Wednesday 25 April 2012

Seeing Spots

Appropriate attire?
Culturebaby and I went to see the new Damien Hirst retrospective at the Tate Modern yesterday afternoon with one of her little buddies and his family. If ever you could design an artistic baby playground, the Tate Modern at present is the closest thing to perfection with its combo of Kusama and Hirst. Culturebaby was still excited by the evening and, despite a strong rebuttal of a bowl of salmon and veg puree (I'm hoping she hasn't inherited my anti-fish tastebuds), she was smiling and chatting, and excitedly cooing at a Hirst butterfly print right up until bathtime.

On so many levels the exhibition was fabulous, and I loved having Culturebaby with me as I experienced so much more than I would going alone. I'd had a taster of what to expect as we had recently watched a brilliant programme (Damien Hirst: The First Look) with surrealist comedian Noel Fielding (incidentally, this choice of presenter was an utter stroke of genius by Channel 4). With my daughter in mind, I really tried to look at Hirst's work from the perspective of a baby and discovered a colourful, sensory, engaging wonderland where some might see rather more morbid themes... I'm convinced Hirst is very much in touch with his inner child; there was so much in his work for the babies to delight in. As usual there was much of the usual leg waggling and excited squealing, and several passers-by stopped to chat about their reactions. (For picture and video tours see here and here)

On entering the exhibition we encountered Hirst's early work, described by one review as 'juvenillia'. It is rough and ready, but very colourful. Culturebaby and I stopped to examine the similarities between her (rather odd but favoured and, therefore, brought along) stacking pan toys and the work 8 Pans 1987. Indeed, no sarcasm is intended here. Throughout the exhibition many of the items are everyday, simple, bright, and often childlike - and therefore easy for Culturebaby to relate to. We then moved through rooms hung or decorated with colourful dot paintings, and like Egyptian tombs, these bright walls encase rather more macabre contents. But for Culturebaby the flies in A Thousand Years 1990 (a life cycle from cow's head, to flies, to fly killer) were merely dynamic and engaging; and the fish, lambs, cows and shark preserved in formaldehyde are (rather serene) characters recognisable from books such as Fluffy Chick and Friends (Incidentally THE best cloth books ever). I think passers-by may have been rather amused by the animal noises I was making in front of the various cases, but Culturebaby was having a great time!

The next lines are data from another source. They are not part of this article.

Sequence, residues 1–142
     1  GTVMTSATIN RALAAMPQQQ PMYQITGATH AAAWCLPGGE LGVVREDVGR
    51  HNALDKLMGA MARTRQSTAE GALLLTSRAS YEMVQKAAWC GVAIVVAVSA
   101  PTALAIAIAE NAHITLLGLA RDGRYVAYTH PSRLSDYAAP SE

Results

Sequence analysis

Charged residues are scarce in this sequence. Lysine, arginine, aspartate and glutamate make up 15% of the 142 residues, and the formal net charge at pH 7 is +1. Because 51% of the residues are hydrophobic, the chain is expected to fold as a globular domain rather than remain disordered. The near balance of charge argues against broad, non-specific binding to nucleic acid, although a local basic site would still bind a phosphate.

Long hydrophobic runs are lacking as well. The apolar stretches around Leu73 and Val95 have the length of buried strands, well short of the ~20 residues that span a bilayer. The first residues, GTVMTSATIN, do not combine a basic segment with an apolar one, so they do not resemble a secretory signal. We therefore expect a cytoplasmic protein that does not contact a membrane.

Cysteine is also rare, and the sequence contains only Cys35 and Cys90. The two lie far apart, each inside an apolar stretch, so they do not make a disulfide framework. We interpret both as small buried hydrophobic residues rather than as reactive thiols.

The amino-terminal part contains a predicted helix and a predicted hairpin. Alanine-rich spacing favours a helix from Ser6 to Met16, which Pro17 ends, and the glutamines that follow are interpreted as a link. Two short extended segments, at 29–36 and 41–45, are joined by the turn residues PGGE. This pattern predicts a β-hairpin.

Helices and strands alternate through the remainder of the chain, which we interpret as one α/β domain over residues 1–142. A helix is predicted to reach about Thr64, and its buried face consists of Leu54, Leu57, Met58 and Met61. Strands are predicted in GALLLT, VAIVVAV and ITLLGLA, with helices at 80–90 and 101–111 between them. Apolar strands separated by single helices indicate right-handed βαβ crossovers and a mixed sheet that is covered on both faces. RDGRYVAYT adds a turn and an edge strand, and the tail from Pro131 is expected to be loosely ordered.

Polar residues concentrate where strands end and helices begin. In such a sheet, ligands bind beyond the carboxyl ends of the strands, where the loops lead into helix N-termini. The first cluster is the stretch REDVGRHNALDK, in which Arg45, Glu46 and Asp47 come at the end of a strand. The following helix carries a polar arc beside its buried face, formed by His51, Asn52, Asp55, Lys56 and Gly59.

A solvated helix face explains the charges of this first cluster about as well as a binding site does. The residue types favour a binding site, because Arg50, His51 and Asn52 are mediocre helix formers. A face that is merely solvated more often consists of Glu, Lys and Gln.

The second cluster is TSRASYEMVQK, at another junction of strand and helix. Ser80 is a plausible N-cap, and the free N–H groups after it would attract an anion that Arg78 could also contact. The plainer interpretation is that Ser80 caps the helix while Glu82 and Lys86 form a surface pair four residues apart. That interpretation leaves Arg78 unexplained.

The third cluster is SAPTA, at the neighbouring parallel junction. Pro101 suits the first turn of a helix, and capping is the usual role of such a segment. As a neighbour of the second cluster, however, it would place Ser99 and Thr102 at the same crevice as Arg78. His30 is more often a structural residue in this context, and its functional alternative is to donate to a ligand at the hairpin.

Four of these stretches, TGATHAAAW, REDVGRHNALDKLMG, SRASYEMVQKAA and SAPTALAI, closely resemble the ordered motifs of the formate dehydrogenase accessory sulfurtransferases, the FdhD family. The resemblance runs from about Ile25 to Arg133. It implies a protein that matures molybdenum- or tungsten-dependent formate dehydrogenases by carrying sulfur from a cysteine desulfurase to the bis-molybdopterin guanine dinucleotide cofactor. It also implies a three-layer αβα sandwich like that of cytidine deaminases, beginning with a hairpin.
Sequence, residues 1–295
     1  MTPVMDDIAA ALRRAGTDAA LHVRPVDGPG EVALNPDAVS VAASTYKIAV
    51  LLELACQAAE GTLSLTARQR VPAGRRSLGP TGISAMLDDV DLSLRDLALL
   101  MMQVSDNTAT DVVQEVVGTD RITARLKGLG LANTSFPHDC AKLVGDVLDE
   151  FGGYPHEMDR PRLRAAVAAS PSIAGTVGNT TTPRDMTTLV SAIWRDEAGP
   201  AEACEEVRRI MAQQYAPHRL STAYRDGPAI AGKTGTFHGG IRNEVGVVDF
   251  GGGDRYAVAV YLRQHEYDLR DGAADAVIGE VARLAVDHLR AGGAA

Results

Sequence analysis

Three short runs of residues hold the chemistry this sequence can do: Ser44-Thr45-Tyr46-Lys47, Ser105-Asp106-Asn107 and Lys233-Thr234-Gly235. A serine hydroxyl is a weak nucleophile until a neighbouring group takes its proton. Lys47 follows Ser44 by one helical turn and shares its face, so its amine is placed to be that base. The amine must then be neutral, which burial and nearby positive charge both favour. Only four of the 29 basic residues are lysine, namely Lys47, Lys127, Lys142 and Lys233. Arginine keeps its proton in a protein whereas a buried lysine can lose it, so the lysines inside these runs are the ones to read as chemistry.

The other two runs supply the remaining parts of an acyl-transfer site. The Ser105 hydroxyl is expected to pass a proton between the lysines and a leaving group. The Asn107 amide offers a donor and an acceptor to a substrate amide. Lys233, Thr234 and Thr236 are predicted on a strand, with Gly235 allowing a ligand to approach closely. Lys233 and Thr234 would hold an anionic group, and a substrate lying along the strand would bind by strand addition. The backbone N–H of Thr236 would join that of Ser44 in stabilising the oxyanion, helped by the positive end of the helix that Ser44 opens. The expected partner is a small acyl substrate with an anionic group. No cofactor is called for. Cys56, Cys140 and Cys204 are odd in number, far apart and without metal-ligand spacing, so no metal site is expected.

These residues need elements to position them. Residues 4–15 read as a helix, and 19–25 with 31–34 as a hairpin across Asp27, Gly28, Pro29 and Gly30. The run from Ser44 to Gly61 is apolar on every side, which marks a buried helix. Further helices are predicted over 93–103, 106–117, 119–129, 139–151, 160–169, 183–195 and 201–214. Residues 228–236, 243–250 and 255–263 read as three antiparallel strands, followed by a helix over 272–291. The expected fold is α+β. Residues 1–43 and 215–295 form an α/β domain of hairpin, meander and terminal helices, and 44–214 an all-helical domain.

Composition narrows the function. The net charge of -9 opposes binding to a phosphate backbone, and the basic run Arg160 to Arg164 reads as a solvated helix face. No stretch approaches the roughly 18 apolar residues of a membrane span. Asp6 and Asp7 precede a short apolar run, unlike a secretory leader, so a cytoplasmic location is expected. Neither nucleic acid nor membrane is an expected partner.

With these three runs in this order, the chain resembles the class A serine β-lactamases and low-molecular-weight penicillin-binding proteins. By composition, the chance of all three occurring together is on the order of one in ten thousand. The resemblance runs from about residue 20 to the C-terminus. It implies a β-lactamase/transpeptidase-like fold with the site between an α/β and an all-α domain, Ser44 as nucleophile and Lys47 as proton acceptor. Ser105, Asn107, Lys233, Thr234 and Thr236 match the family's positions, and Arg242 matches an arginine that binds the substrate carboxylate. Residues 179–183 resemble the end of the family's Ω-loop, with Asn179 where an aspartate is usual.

We then moved rather hastily past the rows and rows of cigarette butts (hopefully the smelly, giant ashtray may have put her off for life...) but stopped to examine the beautifully reflective casing and colourful contents of the pills in Lullaby, the Seasons 2002. Next, the series of monochrome, bright canvases with butterflies mounted here and there, entitled In and Out of Love 1991, were really appealing to the babies - they tried to reach out and touch the butterflies beyond the glass - and this was followed by a wonderful room where colourful and patterned live butterflies were hatching, flying around, feeding, and landing on us. Could it get more exciting for babies? Apparently so. The best space came a little later where a giant inflatable beachball bounced suspended above a fan in the centre of a room (Loving in a World of Desire) whilst giant circular paintings span on the walls. The room was uplifting and joyful, the former work jolly; the latter magnificent. And the sensory fun continued... Culturebaby yelped with excitement as we entered the room containing the (rather sinister to an adult, but incredibly shiny for a baby) surgical equipment in cupboards, and continued to fight her (long overdue) sleep in the rooms containing the exquisite and colourful Doorways to the Kingdom of Heaven 2007 (stained glass windows made entirely of butterflies); and the glimmering Judgement Day (a huge cabinet full of jewels). Then, after a well timed nap over lunch, she woke up just in time to see the glistening (and not at all tacky as I had expected) jewel encrusted skull For the Love of God. We had it to ourselves for a moment, sparkling, relic-like, at the centre of a pitch black room, and it was rather awe inspiring for little and big eyes alike.